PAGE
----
Hot Flashes: What Are the Alternatives?
Breast cancer survivors look for alternatives to HRT to quell their hot flashes, including antidepressants, antiseizure medications, and integrative therapies.
Sue Holmes, RN, a breast health coordinator at the deNicola Breast Health Center in Nashua, New Hampshire, was diagnosed at 54 with estrogen receptor-positive noninvasive breast cancer seven years after starting hormone replacement therapy, or HRT, for her symptoms of menopause. “Everybody was taking HRT, then the pendulum swung the other way, and nobody was taking HRT.”
After her diagnosis, Holmes was immediately taken off HRT and her menopausal symptoms returned with a vengeance. “It seemed even worse than I remembered it,” Holmes says. “I was miserable, absolutely miserable. I had terrible hot flashes. I couldn’t think, I couldn’t sleep at night. It was not a good way to live.”
After the Women’s Health Initiative, a large study that examined the effects of combined estrogen and progestin, showed HRT increased the risk of breast cancer, survivors were told to abandon their pills to prevent recurrence. But with few alternatives to combat hot flashes, many survivors feel they must decide between risk of recurrence and quality of life.
Charles Loprinzi, MD, a medical oncologist at Mayo Clinic Cancer Center in Rochester, Minnesota, and a member of the North American Menopause Society, says it doesn’t have to be an either-or decision. While other treatments may not be as effective as HRT, researchers are actively looking at other possibilities to find what works and what doesn’t. Here’s what they’ve found.
Studies have shown two types of antidepressants—selective serotonin reuptake inhibitors, or SSRIs, and serotonin-norepinephrine reuptake inhibitors, or SNRIs— can reduce the severity and frequency of hot flashes. Effexor (venlafaxine), an SNRI, has the least interference with tamoxifen and has shown effectiveness for hot flashes, decreasing the symptom by 60 percent in more than half of women with hot flashes compared with placebo.
Paxil (paroxetine), an SSRI, decreases hot flashes by up to 70 percent, but new studies show Paxil may interfere with the activity of tamoxifen in some women. Zoloft (sertraline) and Prozac (fluoxetine), also SSRIs, have shown benefit, but not as much as the other antidepressants.
While Neurontin (gabapentin) is marketed as an antiseizure medication, there are several published placebo-controlled trials that have found it can reduce hot flashes by half. Additional data demonstrate a high dose of the drug might reduce hot flashes a bit more. Dr. Loprinzi recently completed a study of Neurontin to combat hot flashes in prostate cancer patients, and found hot flashes were reduced by almost half compared with about 25 percent reduction with placebo.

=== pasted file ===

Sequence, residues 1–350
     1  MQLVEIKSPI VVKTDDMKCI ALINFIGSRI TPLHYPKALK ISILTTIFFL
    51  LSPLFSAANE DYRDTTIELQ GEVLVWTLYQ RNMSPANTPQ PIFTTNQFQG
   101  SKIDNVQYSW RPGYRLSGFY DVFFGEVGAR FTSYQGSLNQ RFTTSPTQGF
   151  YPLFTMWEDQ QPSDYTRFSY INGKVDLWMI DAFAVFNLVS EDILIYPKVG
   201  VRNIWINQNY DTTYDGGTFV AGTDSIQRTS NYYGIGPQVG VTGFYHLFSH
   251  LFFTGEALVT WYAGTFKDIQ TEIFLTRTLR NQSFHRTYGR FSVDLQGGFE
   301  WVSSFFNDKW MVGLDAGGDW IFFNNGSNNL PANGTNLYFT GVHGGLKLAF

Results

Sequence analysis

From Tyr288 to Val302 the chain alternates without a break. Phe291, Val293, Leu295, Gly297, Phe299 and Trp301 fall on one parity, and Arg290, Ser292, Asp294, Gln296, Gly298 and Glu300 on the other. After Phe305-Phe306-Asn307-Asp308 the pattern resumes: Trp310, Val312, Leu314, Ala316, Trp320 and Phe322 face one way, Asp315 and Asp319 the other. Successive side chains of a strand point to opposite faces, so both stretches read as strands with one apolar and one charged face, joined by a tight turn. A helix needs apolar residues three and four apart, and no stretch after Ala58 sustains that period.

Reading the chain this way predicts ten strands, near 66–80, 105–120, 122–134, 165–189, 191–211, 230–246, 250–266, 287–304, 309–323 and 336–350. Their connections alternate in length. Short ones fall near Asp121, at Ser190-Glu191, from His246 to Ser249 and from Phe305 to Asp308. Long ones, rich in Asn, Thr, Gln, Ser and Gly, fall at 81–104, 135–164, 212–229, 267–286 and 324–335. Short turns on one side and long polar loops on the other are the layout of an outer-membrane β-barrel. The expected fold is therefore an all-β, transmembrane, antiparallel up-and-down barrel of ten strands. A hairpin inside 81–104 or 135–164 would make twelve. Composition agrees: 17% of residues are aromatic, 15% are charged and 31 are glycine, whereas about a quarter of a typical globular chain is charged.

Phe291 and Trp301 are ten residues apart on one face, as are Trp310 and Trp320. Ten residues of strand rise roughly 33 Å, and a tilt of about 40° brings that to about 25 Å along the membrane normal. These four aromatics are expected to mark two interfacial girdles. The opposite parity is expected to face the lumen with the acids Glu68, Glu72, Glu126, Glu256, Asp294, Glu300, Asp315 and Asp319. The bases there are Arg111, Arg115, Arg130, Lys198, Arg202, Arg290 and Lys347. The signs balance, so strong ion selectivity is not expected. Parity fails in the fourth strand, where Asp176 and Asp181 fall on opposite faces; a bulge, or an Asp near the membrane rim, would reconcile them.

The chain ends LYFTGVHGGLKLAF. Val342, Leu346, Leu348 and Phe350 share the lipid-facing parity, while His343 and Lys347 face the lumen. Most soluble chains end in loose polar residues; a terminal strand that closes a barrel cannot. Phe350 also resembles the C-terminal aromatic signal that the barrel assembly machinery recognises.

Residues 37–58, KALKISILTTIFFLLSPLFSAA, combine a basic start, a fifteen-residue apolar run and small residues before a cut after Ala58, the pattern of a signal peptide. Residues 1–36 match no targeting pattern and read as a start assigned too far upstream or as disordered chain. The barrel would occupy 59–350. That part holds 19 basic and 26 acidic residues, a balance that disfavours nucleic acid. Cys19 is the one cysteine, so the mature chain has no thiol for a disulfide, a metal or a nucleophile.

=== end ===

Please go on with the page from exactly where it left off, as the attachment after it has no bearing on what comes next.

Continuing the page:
A clinical trial looking at vitamin E and the frequency of hot flashes showed a slight positive effect, says Dr. Loprinzi. Soy and black cohosh have anecdotal evidence as a treatment for hot flashes, but more definitive trials demonstrate that these agents do not appear to be any better than placebo. Because some natural remedies also have potential phytoestrogenic properties (estrogen-like properties seen in natural plant compounds), some physicians advise caution to survivors considering taking large doses for hot flashes.
Acupuncture has been widely studied, but a Mayo Clinic study published early this year found no additional benefit of acupuncture compared with placebo. Several clinical trials for hot flashes involving acupuncture and other integrative therapies in breast cancer survivors are currently ongoing.
Breast cancer survivors have numerous non-HRT options to treat hot flashes, but it may take time to find the single or combination therapy that works best, says Dr. Loprinzi.
Holmes, who tried vitamin E, antidepressants, black cohosh, and other remedies, says they either didn’t work or she developed side effects. Because her cancer was non-invasive, her doctor prescribed a very small dose of estrogen in addition to small doses of progestin delivered directly to the uterus through an intrauterine device to relieve her hot flashes, a regimen that has been studied fairly recently.
Holmes understands she’s taking a risk, but says it’s one she made based on her individual history. “If I had had invasive breast cancer, would I do it? I’m not sure. But I still think you’ve got to balance quality of life with your situation.”
Molly Lindell, on the other hand, a three-year survivor of invasive breast cancer, went cold turkey after her diagnosis in 2004. She worked with her doctor to find the right drug combination to decrease her severe hot flashes. When the first two antidepressants she tried failed to reduce her symptoms, her doctor recommended another SSRI and a benzodiazepine, an older class of antidepressant, along with Neurontin.